Some researchers such as Loewen (2003b) have surmised a role for personality factors in the variation and different frequencies of observed focus on form episodes (FFE). However, to the best knowledge of the present researcher, no rigorous study has been done on the influence of personality factors such as field-dependence/ field-independence (FD/FI) cognitive style of the learners on the efficacy of the meaning-focused and form-focused instruction, especially in a foreign language setting. This is while the cognitive style of FD/FD has been suggested potentially more significant for second language acquisition (Larsen Freeman & Long, 1991) and playing role in the effectiveness of deductive and inductive lesson designs (Johnson, Prior & Artuso, 2000). This study therefore aims to fill this gap and answer the following two questions:
1. Is there any significant difference in the effect of meaning-focused and focus on form activities on learning grammatical points in a reading course with elementary EFL students?
2. Is there any significant role for the cognitive style of FD/FI in the effectiveness of meaning-focused and focus on form activities in learning grammatical points in a reading course with elementary EFL students?
3. Can the cognitive style of FD/FI mediate the effect of FOF/MF instruction?
The participants in the study were 59 female ninth-graders who formed two intact groups and were selected through a convenience sampling procedure. Before initiating the study, the Oxford Placement Test was administered to the learners and the results of the placement test confirmed that the participants were at the elementary level. Since ‘relative clause’ has already been used in SLA studies, (e.g., Schachter, 1974; Schachter & Rurherford, 1978 studied relative clause formation by Farsi speakers of English, as cited in Schachter, 1996, and Doughty, 1991, as cited in Muranoi, 2000) and on the ground that learners participating in this study had not been taught the relative clause formation prior to this study, it was decided to choose this grammatical point for the study. Moreover, it was ensured that the participants had not had extracurricular language instruction and their linguistic background was limited to normal ninth-graders who were not familiar with relativization in English.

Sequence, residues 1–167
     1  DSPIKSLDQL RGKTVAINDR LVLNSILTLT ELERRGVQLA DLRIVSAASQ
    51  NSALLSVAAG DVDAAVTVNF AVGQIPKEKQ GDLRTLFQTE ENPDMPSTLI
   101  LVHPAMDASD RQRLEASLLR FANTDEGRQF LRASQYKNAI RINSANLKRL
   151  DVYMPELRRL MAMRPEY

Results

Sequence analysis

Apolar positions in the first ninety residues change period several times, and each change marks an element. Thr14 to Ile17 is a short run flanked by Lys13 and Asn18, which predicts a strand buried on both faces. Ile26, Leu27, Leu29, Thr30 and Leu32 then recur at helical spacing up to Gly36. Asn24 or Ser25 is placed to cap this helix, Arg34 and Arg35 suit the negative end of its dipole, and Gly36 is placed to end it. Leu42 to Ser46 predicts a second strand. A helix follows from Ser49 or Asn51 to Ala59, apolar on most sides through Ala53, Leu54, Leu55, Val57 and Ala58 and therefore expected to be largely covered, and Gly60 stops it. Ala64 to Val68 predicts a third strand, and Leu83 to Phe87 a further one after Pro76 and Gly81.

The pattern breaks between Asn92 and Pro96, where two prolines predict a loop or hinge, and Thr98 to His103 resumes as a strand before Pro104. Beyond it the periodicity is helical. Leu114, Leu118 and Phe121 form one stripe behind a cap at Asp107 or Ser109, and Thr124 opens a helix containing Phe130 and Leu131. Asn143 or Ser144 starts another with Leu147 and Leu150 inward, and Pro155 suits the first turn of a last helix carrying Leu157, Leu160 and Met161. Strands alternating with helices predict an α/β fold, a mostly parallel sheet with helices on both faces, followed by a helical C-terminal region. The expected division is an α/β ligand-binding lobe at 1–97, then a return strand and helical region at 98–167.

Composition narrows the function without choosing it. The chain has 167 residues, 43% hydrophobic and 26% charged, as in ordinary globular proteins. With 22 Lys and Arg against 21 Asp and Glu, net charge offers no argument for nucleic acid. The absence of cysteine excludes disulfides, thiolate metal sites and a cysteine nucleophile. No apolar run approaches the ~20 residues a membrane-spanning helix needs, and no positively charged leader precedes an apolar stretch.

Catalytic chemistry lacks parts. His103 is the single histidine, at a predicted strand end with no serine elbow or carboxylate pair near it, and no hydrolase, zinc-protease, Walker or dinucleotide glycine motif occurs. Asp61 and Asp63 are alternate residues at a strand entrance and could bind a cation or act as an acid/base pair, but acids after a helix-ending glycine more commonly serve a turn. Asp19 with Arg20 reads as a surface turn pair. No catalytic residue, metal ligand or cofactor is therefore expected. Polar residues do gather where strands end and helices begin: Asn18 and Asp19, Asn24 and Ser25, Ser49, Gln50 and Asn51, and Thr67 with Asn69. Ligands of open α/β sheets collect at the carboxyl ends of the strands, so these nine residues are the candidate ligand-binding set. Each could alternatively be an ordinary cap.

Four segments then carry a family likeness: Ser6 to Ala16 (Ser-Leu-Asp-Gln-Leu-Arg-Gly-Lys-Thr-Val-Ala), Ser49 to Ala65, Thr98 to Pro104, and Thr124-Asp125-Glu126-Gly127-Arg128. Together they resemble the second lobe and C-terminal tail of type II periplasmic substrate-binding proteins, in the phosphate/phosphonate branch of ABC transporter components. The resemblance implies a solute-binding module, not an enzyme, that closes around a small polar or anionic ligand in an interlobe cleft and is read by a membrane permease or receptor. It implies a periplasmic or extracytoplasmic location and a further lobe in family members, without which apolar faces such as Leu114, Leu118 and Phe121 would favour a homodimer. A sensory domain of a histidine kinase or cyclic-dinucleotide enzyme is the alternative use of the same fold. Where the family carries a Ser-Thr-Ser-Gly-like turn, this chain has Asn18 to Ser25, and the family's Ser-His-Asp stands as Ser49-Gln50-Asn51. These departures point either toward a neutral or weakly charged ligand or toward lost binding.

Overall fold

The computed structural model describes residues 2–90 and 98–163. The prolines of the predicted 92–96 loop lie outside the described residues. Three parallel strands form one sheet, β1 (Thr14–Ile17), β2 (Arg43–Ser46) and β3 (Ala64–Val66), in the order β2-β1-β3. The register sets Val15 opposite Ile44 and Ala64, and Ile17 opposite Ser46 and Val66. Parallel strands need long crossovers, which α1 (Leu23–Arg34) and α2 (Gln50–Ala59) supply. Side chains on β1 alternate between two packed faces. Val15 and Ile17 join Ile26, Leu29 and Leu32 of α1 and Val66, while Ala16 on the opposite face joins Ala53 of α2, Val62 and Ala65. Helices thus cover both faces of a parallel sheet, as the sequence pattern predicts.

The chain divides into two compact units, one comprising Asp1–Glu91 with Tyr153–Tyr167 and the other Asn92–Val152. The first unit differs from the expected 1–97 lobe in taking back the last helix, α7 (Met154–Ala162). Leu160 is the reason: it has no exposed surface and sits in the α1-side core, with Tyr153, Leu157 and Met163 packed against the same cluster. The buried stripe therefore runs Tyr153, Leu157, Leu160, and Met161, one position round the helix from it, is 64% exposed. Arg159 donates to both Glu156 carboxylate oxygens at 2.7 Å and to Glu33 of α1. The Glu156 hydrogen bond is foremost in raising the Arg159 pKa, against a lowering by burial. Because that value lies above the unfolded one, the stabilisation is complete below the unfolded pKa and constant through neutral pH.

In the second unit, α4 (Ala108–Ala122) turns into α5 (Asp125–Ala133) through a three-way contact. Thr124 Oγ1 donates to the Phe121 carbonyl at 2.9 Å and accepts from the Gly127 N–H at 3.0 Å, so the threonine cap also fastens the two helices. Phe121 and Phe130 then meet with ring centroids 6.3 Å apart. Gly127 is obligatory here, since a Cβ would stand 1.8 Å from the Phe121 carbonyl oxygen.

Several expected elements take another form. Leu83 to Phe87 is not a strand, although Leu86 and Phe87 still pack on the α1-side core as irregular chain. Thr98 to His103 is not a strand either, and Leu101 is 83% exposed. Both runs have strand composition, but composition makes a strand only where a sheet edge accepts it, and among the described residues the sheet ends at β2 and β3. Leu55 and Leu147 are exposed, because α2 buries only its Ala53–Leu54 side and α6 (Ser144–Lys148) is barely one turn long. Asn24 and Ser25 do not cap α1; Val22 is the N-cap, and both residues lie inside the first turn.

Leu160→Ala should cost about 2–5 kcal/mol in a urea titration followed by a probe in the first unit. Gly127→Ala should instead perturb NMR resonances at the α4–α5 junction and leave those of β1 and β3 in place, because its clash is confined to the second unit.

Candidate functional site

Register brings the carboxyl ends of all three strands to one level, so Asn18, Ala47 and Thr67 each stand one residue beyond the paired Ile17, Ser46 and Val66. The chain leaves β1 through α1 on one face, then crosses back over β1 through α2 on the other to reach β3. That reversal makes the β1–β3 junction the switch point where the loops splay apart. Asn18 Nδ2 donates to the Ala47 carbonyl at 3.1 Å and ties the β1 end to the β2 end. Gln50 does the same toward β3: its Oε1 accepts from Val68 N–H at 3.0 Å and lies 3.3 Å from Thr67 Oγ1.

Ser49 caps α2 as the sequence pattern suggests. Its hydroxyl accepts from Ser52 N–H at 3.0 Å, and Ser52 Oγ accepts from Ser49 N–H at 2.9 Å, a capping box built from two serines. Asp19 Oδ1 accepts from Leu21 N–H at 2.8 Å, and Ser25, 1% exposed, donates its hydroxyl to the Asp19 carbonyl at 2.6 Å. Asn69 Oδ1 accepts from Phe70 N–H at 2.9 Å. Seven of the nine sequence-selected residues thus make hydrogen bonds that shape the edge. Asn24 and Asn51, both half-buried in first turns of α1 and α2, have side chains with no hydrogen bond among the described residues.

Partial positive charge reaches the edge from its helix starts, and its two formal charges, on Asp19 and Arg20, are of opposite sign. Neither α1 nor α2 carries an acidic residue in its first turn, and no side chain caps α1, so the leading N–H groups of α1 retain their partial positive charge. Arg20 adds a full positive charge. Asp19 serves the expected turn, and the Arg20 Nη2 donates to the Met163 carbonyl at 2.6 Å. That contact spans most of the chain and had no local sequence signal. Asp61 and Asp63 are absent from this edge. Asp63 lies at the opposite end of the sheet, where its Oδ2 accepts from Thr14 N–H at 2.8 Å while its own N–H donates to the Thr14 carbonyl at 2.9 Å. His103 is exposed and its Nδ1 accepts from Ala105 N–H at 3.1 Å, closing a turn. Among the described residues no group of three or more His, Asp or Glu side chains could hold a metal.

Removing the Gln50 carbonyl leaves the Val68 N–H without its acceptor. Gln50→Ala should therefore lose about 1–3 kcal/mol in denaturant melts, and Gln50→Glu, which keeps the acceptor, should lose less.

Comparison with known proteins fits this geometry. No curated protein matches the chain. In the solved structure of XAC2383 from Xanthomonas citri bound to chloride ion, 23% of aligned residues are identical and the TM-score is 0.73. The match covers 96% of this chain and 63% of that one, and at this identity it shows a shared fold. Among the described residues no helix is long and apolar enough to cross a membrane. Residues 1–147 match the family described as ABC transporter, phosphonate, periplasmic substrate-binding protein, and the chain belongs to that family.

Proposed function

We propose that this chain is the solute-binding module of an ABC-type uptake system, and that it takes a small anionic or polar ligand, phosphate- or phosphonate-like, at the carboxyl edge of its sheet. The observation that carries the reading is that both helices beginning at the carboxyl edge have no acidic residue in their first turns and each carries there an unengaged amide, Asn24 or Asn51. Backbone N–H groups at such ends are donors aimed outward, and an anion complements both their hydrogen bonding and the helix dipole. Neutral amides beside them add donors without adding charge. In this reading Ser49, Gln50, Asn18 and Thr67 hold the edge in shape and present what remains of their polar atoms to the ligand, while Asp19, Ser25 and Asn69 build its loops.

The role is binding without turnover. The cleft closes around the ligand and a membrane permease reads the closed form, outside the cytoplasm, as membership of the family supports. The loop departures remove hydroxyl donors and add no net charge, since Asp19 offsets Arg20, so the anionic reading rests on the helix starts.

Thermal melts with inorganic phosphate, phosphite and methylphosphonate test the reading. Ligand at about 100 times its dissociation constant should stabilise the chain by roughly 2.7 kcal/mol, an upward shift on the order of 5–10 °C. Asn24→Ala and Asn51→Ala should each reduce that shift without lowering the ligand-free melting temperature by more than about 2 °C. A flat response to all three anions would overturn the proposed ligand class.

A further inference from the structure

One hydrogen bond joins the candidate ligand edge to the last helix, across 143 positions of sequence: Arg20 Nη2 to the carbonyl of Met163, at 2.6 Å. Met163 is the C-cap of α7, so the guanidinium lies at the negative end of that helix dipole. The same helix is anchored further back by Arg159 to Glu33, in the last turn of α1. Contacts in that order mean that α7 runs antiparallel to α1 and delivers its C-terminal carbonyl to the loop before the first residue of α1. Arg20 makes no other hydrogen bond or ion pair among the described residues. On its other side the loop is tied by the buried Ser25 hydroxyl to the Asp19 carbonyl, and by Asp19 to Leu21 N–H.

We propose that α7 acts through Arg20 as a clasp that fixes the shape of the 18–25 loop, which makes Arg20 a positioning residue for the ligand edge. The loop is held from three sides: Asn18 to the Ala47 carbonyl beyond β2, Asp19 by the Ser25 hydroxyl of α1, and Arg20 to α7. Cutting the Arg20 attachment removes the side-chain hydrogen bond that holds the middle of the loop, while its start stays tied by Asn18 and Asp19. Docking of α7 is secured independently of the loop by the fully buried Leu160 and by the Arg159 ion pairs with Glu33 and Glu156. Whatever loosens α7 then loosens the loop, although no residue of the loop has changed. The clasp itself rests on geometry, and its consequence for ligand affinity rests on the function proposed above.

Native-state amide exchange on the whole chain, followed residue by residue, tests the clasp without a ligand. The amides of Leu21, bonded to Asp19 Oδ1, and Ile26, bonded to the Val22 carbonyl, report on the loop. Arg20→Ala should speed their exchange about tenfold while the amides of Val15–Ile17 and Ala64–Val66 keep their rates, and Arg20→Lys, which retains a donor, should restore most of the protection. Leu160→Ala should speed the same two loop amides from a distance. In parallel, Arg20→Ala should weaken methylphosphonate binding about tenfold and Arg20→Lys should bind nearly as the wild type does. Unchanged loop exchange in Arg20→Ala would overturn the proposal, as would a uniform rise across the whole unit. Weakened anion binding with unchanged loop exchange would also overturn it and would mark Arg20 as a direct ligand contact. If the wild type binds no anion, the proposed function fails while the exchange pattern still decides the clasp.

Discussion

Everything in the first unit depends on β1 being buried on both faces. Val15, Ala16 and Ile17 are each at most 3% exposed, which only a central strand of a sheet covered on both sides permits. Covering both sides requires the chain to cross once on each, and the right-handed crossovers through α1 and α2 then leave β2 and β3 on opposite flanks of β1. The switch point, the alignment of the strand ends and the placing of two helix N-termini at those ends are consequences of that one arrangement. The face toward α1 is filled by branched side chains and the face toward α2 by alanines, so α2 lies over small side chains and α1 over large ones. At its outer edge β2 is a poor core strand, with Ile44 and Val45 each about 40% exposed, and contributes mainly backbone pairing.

The materials used in the study include the GEFT test, four reading passages, and a test. The reading passages were selected from Hill (1980) and (1988). The passages were further modified in order to simplify the structures which were not familiar to students and to enrich the texts with relative clauses. The test used in the study included two main parts which were composed of 20 items. The first section (8 items) was a recognition part in which students were required to underline the part which functioned as an adjective (the relative clause); the second section (12 items) was a production part that required students to produce relative clauses in response to questions.
The two classes in the study were randomly assigned to experimental and control groups. Of course, this assignment was arbitrary since both classes received specified instruction. The experimental group was taught through teacher-initiated preemptive focus on form activities and the control group was taught through focus on meaning activities for four weeks and each week included a 2-instructional- hour session. In the end, both groups received the test and the GEFT test. In the production part of the test, the teacher tried to clarify the instruction for learners and even provided examples in Persian to make sure that learners understand the task they are required to perform.
To answer the questions of the study, a factorial two-way ANOVA was used in which the teaching approach (FOF/MF) and cognitive style (FD/FI) were the independent variables and grammar score was the dependent one. Before running the factorial ANOVA, the assumption of normality of the data for the four groups was checked through different procedures.